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CompTIA Picks Partner(s) for Digital Credentials

A couple of weeks ago I posted here about how the Professional Examination Service was staking out a spot in digital credentialing, and also backing the Mozilla Open Badge Infrastructure. What was missing at the time was a hook-up with a major certification sponsor. Yesterday, CompTIA announced partnerships for digital credentialing for its certifications with two organizations, neither of which is the Professional Examination Service. Looks like this space is about to go into "free-for-all" mode!

The CompTIA press release in question is entitled "New Credentials Validation Service Available for CompTIA Certified IT Professionals," and it reports that the association has teamed up with Blue Ribbon Techs and Zylog Systems (Canada) Ltd. "to allow IT professionals to include validation of their CompTIA credentials in their online job profiles."

On the one hand, I'm glad to see this happening, on the other...

So now, that makes at least three companies that I know of that are seeking to get in on digital credentialing. And perhaps that's also a response to the concern I voiced in my July 10 blog ("Could a Digital Credentials Clearinghouse Be in the Offing?") as to whether or not what the Professional Examination Service (PES) wants to charge for digital credential service might preclude it from becoming a real player on this scene. CompTIA is known for cutting its business relationships to the bone, in the interests of keeping costs down, and I have to believe it's telling that they decided to go with partners other than PES.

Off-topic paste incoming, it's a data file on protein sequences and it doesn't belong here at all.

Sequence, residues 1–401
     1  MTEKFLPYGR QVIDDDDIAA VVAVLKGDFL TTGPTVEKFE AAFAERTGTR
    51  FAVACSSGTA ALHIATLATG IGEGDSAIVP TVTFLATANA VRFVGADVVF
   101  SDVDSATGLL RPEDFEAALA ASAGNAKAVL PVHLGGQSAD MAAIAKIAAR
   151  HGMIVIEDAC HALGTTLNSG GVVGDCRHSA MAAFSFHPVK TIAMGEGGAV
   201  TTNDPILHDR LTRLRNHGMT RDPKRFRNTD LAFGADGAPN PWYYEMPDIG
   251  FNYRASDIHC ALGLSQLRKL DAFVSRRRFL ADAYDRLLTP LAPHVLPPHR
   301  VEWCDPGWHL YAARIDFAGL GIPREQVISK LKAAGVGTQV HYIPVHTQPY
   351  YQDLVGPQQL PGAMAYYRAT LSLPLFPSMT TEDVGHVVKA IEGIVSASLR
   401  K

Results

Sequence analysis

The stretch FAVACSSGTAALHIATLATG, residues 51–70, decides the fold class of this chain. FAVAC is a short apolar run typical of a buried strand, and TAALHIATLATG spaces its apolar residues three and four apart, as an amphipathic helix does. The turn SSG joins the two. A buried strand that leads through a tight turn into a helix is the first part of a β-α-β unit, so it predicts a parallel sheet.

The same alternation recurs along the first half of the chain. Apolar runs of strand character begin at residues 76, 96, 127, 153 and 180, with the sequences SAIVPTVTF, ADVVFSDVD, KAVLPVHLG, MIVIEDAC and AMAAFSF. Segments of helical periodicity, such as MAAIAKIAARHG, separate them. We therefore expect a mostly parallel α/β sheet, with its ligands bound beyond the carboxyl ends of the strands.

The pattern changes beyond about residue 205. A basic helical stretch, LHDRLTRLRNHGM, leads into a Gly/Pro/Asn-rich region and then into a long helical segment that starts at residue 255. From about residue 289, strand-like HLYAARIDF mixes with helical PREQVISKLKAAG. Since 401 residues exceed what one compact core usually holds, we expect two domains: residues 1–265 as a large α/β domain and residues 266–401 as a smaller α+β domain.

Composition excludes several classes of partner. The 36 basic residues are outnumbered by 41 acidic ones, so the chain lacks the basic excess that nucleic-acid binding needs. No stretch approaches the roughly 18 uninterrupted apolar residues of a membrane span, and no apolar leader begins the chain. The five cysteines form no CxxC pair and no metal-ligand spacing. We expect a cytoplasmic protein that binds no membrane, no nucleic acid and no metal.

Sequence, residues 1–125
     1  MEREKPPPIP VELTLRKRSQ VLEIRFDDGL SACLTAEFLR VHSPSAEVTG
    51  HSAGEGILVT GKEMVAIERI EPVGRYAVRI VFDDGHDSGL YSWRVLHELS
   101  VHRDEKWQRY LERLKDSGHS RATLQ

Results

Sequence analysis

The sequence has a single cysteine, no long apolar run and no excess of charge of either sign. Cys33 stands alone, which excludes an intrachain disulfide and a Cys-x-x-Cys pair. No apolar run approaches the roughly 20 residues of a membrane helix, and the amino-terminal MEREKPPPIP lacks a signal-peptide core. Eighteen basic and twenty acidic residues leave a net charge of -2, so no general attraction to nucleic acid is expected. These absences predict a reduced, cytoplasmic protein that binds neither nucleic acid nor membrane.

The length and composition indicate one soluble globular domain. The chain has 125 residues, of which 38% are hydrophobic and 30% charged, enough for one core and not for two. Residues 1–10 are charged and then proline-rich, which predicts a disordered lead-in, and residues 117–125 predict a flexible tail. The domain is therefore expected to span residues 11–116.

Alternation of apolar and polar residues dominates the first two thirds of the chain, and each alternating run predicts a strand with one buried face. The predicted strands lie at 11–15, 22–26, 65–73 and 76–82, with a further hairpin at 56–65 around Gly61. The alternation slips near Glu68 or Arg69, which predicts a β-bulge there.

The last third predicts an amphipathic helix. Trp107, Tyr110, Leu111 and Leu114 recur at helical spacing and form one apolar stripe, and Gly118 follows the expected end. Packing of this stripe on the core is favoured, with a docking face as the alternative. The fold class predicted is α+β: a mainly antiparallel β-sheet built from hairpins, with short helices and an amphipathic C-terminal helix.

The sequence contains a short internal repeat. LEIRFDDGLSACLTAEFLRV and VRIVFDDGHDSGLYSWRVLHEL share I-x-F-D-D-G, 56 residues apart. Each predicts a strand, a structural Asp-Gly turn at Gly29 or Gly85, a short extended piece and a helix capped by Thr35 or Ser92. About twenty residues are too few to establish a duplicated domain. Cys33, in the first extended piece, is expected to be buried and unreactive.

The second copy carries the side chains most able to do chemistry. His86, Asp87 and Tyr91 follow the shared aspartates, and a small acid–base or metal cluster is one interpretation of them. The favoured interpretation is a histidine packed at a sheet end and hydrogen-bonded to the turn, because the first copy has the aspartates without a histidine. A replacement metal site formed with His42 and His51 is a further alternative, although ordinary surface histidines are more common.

What I don't know just yet -- but am taking steps to ascertain -- is whether or not either or both of these new offerings will also support the Mozilla Open Badge Infrastructure standard. I certainly hope they will, but that remains to be determined. Certainly, if this marketplace is about to get crowded, as so often occurs when hot new markets emerge to be served, I'm in favor of providing as much structure and support for standards as circumstances will allow. I'm also wondering when and how the other 800-lb gorillas of IT certification -- namely, Certiport, Microsoft, and Cisco -- will weigh in on this situation. It seems we live in interesting times!